Convenient Focus in the 21st Century
The acquisition of Circle K brought Watson & Philip in conflict with the Spar/VG buying network, as Circle K belonged to the rival Nisa Today buying network. Despite the company's denials that it would leave Spar/VG, the breakup appeared inevitable, and by the end of 1993, the company had severed its ties with Spar/VG, subcontracting its distribution activities to a group of third-party distributors. Soon after, Watson & Philip pulled out of the Nisa Today buying network as well, a move that underlined its determination to redevelop itself as a focused retail store group. After Macpherson became ill, David Bremner took over as company CEO.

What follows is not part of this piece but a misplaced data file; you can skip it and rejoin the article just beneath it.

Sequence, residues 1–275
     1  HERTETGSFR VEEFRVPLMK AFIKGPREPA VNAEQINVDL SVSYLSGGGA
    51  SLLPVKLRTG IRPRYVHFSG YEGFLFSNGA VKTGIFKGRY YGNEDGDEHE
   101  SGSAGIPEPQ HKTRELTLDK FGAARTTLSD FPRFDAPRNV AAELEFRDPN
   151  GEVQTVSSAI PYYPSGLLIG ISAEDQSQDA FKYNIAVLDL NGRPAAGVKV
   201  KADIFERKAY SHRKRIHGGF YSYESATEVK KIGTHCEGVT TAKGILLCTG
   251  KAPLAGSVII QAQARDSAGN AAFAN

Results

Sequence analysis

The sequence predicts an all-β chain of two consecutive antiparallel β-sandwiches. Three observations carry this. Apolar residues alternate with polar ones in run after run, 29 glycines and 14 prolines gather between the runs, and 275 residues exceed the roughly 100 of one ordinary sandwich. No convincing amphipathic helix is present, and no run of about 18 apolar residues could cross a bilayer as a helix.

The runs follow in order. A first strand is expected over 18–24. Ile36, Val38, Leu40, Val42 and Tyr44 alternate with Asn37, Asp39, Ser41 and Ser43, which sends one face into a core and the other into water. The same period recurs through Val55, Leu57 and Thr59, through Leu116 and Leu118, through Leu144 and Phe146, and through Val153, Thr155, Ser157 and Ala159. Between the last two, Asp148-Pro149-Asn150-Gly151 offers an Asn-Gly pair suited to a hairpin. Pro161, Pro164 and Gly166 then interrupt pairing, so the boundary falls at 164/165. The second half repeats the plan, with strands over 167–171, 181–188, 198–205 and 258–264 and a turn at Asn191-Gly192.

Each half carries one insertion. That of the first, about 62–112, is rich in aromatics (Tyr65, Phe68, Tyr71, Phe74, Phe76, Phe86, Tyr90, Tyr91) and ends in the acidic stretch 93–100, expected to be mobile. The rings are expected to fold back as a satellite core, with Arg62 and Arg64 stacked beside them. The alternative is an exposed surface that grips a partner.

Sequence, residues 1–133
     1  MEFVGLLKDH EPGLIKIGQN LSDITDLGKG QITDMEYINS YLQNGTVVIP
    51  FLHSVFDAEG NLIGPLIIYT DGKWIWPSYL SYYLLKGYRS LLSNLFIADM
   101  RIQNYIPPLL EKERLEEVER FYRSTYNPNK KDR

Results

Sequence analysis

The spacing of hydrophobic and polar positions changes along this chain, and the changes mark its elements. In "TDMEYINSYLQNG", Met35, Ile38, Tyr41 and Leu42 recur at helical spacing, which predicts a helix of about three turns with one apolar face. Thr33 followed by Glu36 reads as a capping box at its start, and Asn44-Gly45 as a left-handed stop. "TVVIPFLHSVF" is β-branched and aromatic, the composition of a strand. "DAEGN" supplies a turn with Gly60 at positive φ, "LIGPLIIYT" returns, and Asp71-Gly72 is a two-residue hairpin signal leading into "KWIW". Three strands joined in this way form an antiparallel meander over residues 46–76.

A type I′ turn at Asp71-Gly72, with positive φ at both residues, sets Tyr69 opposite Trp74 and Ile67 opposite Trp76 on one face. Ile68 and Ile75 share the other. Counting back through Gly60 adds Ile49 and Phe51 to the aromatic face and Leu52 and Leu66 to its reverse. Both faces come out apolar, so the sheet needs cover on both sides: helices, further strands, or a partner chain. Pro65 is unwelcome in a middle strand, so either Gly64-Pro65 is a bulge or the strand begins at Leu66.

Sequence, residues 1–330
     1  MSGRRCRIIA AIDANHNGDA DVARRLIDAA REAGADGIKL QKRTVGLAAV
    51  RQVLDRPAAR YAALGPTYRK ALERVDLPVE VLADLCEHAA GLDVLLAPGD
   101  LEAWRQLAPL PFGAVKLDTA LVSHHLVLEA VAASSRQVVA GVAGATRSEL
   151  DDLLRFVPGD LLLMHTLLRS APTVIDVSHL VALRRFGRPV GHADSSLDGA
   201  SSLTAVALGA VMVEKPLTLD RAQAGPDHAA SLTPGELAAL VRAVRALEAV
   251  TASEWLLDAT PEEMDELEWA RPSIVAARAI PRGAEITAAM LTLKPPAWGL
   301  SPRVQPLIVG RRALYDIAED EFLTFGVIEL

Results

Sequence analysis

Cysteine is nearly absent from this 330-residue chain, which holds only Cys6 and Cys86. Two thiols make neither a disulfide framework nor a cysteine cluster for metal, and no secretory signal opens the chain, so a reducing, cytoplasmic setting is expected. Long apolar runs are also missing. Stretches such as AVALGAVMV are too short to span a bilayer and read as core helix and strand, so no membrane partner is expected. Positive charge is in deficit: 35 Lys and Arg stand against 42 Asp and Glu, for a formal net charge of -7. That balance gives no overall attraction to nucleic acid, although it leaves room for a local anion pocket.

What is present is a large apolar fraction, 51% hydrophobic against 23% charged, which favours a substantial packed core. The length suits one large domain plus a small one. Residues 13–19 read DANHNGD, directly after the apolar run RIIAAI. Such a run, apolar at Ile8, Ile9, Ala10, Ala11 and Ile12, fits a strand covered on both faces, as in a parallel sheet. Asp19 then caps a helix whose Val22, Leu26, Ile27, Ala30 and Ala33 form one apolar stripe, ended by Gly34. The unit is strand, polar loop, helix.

By 1994, Watson & Philip had decided to rebrand all of its stores--which included a number of Spar and VG stores--as Alldays. The company not only rolled out the new banner across the network, it also launched a new store design, placing more of an emphasis on fresh foods. The company's departure from its former buying groups also enabled it to change its product range--which had been built around Spar and Nisa private labels--to feature more prominently the major brand names.
With nearly 350 Alldays stores by the middle of 1994, Watson & Philip had created the United Kingdom's first nationally operating convenience store chain. By then, the company had begun to dispose of the remaining parts of its former wholesale business, pulling its Trademarket cash and carry arm out of England (that division was sold to Booker in 1999), focusing that business around six stores in Scotland and a single store in northern England.